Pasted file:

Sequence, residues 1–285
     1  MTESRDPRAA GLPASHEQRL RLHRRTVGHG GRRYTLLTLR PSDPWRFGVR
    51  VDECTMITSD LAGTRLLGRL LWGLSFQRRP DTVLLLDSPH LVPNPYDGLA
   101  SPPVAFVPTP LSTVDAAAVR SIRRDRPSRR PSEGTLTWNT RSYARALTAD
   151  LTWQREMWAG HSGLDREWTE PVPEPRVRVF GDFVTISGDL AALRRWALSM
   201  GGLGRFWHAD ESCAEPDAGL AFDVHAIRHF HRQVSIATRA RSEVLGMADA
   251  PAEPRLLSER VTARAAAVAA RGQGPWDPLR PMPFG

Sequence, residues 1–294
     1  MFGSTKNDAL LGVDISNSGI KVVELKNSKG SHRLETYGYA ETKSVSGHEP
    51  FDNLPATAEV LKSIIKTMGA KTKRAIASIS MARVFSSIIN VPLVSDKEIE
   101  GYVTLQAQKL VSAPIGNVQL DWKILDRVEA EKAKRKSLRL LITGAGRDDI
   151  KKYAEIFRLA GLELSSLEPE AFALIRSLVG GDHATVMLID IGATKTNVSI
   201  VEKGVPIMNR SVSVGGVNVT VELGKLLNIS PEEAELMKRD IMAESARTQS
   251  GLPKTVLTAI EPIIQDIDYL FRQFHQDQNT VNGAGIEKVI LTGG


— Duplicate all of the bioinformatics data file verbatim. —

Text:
Sequence, residues 1–285
     1  MTESRDPRAA GLPASHEQRL RLHRRTVGHG GRRYTLLTLR PSDPWRFGVR
    51  VDECTMITSD LAGTRLLGRL LWGLSFQRRP DTVLLLDSPH LVPNPYDGLA
   101  SPPVAFVPTP LSTVDAAAVR SIRRDRPSRR PSEGTLTWNT RSYARALTAD
   151  LTWQREMWAG HSGLDREWTE PVPEPRVRVF GDFVTISGDL AALRRWALSM
   201  GGLGRFWHAD ESCAEPDAGL AFDVHAIRHF HRQVSIATRA RSEVLGMADA
   251  PAEPRLLSER VTARAAAVAA RGQGPWDPLR PMPFG

Sequence, residues 1–294
     1  MFGSTKNDAL LGVDISNSGI KVVELKNSKG SHRLETYGYA ETKSVSGHEP
    51  FDNLPATAEV LKSIIKTMGA KTKRAIASIS MARVFSSIIN VPLVSDKEIE
   101  GYVTLQAQKL VSAPIGNVQL DWKILDRVEA EKAKRKSLRL LITGAGRDDI
   151  KKYAEIFRLA GLELSSLEPE AFALIRSLVG GDHATVMLID IGATKTNVSI
   201  VEKGVPIMNR SVSVGGVNVT VELGKLLNIS PEEAELMKRD IMAESARTQS
   251  GLPKTVLTAI EPIIQDIDYL FRQFHQDQNT VNGAGIEKVI LTGG